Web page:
I’ve always had a soft spot in my heart for Schramsberg.  It was one of the first great sparkling wines I had the good fortune to taste.  It was the Blanc de Noir, and it still lingers in my memory.

Schramsberg Blanc de Noirs 2010 $39.99

“Smoke and honey, roasted pear and dried pineapple, toasted brioche and fresh cinnamon.  The first flash of refined fruit is artfully contrasted by the unctuous extract in the mid-palate, effortlessly coating the mouth with an expression of the California sun.  This mix of restraint and hedonism is matched by pepper spice and tart citrus on the lingering finish.  Undoubtedly of Champagne quality but with a richness typical of California.”

The modern history of Schramsberg began in the sixties, with Jack and Jamie Davis.  It was they who re-purposed Jacob Schram’s winery, by then abandoned, towards the production of sparkling.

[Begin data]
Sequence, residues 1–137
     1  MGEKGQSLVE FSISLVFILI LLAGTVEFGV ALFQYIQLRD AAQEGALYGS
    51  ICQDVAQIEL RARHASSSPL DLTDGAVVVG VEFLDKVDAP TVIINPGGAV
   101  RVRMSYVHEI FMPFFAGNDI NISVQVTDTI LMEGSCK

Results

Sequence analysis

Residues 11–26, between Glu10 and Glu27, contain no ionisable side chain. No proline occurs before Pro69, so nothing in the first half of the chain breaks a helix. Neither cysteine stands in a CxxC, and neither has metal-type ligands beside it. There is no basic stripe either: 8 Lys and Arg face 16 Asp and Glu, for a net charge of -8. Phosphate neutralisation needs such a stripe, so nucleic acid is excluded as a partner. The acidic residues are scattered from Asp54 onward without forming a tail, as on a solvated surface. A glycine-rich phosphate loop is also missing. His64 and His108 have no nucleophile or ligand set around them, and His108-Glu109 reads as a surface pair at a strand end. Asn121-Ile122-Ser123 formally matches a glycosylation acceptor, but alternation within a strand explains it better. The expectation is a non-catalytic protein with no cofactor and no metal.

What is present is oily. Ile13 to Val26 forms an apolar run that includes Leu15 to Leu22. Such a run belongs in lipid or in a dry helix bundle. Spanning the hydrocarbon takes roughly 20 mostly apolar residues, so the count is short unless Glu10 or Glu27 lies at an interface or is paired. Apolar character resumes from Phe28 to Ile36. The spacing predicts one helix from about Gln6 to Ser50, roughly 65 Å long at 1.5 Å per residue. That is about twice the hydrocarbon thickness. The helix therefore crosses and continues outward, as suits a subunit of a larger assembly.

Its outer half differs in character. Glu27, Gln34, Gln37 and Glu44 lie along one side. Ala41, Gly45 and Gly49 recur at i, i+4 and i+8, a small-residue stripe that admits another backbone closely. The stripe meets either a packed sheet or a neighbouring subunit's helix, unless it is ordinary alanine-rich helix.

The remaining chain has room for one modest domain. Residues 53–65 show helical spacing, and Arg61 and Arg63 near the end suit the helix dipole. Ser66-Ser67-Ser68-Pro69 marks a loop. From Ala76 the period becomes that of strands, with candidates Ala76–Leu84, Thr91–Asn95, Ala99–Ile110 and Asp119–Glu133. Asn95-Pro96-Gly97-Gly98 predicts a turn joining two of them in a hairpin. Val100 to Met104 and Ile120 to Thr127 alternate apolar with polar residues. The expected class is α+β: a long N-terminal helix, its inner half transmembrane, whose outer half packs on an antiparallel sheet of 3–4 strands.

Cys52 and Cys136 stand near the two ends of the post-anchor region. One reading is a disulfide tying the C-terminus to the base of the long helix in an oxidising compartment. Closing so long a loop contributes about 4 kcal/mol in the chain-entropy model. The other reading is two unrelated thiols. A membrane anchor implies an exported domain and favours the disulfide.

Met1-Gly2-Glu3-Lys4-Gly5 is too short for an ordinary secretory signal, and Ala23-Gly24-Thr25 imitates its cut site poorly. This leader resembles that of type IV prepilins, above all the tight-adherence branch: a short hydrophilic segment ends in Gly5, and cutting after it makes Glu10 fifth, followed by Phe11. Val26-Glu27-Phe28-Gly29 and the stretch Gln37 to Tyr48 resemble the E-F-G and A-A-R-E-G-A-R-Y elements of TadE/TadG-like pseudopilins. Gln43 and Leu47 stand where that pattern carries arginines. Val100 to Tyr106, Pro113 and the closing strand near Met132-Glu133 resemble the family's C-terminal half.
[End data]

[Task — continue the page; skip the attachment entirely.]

From noted wine critic Nathan Chroman:

“Some producers will earn a paragraph in the history of sparkling wines in California. The coming of the French will need a page. But it will merit a chapter to spell out what Jack and Jamie have done here.”

To my mind, one of the great virtues of Schramsberg is their local roots.  Many of the houses which produce California sparkling, made in the méthode traditionnelle, are outcroppings of Champagne.  While Schramsberg, like many of the best producers, employ grapes from cooler areas, California is not Champagne.  It is not always possible to directly export style and techniques from one region to another with completely successful results.  The current owner/winemaker, Hugh Davies, was born amongst the vineyards, raised beneath the California sun.  While Schramsberg has taken Champagne as its source of inspiration, it is undeniably and quintessentially American.

JT